Take Action TODAYTell your Representative to oppose renewal and expansion of the DC voucher program.

TELL CONGRESS TO REJECT EDUCATION CUTS AND INVEST IN OUR FUTURE

This week, the Senate rejected a House-passed “continuing resolution” (CR) that contained draconian cuts to education and other priorities. The Senate also rejected a Democratic alternative that included significantly fewer cuts and would have increased funding for education. Both measures fell short of the 60 votes needed for passage.

All Democrats voted against the House-passed measure. However, three Republicans – Senators Jim DeMint of South Carolina, Mike Lee of Utah, and Rand Paul of Kentucky – also opposed the measure as a signal of their support for even deeper cuts. The Democratic alternative failed as all Republicans, 10 Democrats, and Vermont Independent Bernard Sanders voted in opposition. While some Democrats opposed even the smaller budget cuts in the Democratic alternative, others voted against it because they favor deeper funding cuts. See how your Senators voted on the House bill and the Democratic alternative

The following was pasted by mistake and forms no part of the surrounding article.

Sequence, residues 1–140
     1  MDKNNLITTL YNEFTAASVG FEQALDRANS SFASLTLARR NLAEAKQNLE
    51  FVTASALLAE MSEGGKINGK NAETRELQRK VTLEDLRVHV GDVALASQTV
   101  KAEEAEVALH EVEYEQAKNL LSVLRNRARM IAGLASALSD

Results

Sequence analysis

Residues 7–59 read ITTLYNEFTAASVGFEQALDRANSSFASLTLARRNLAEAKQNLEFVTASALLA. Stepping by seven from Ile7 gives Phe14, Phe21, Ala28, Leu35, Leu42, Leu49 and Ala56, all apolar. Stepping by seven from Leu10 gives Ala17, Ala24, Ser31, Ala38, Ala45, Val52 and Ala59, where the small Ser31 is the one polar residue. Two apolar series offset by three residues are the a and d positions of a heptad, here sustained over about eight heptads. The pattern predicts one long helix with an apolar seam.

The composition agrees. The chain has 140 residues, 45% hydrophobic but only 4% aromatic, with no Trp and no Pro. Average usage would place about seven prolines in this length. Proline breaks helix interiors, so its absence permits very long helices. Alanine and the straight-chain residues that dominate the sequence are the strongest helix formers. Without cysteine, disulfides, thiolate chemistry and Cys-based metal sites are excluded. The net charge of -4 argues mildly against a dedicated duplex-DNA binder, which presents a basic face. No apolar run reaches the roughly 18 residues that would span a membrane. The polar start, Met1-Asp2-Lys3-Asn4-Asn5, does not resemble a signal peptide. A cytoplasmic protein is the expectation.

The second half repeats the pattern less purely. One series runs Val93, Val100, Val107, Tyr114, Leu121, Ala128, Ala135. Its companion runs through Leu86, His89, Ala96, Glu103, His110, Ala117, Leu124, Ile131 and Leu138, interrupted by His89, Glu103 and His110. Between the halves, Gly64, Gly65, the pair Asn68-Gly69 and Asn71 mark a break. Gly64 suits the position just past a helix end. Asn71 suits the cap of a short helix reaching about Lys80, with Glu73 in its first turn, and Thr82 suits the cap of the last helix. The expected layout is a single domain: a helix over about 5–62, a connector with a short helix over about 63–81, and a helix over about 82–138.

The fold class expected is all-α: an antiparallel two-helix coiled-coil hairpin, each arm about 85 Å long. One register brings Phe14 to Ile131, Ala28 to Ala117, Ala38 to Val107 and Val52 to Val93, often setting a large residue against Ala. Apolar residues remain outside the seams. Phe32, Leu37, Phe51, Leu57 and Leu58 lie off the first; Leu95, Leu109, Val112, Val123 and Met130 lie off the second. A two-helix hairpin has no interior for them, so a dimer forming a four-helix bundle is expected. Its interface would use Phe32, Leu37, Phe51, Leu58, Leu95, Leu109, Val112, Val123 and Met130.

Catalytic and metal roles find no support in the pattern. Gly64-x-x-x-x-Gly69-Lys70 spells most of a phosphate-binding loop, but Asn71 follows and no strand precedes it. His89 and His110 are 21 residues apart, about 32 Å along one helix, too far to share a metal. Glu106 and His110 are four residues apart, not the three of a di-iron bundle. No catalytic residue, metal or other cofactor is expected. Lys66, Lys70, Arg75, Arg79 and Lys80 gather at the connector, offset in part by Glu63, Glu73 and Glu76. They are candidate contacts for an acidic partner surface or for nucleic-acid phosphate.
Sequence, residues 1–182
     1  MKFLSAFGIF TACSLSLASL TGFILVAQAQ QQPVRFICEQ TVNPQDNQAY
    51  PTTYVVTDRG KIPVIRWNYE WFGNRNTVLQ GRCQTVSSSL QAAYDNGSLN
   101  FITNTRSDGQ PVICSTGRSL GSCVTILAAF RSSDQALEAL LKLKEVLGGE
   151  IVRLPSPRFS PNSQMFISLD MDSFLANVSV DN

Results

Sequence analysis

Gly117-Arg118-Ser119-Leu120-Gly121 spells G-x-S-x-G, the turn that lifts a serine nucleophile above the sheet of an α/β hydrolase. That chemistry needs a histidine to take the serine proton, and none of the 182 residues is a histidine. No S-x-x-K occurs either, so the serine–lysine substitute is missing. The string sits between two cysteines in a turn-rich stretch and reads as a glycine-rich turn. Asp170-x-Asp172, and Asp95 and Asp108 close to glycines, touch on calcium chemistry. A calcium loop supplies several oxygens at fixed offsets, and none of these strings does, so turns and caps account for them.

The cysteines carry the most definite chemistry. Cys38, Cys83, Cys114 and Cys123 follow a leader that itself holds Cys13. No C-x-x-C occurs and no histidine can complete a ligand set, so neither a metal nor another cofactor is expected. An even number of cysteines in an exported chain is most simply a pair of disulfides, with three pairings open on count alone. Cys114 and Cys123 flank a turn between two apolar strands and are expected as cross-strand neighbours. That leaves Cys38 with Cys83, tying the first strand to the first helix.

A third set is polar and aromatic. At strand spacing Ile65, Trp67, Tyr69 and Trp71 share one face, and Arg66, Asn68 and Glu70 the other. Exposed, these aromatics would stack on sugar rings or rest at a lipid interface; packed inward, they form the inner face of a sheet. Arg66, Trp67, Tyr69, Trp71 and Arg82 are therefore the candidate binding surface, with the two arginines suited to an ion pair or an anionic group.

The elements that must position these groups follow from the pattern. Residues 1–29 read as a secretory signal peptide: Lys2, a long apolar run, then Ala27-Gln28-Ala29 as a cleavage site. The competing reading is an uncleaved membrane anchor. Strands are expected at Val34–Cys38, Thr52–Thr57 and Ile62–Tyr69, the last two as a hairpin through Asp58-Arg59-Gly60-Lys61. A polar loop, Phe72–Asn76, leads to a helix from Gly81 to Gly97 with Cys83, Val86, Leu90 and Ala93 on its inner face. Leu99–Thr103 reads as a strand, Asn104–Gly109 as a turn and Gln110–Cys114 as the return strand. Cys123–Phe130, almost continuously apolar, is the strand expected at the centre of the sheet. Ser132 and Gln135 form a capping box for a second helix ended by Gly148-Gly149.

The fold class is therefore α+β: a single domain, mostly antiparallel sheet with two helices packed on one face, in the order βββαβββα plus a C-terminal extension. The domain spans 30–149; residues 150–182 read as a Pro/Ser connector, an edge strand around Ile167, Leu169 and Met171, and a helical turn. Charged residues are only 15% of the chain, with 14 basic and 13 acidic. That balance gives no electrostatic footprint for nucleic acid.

As lawmakers continue to look for a compromise, the Senate will likely agree to another short-term CR to avoid a government shutdown when the current CR expired on March 18.

Your voice is critical to keep up the drumbeat for investments in education.

Take Action TODAYTell Congress to craft a continuing resolution that invests in education for our nation’s future.  

CHEERS AND JEERS

Cheers to:

thumbsupRepresentatives Tammy Baldwin (D-WI), Gwen Moore (D-WI), Ron Kind (D-WI), Jan Schakowsky (D-IL), Nancy Pelosi (D-CA), George Miller (D-CA), Raul Grijalva (D-AZ), Keith Ellison (D-MN), Senator Harry Reid (D-NV), and other lawmakers and allies, who released statements supporting public employees and decrying the vote in Wisconsin to strip educators’ and others’ rights. Read all the statements of support.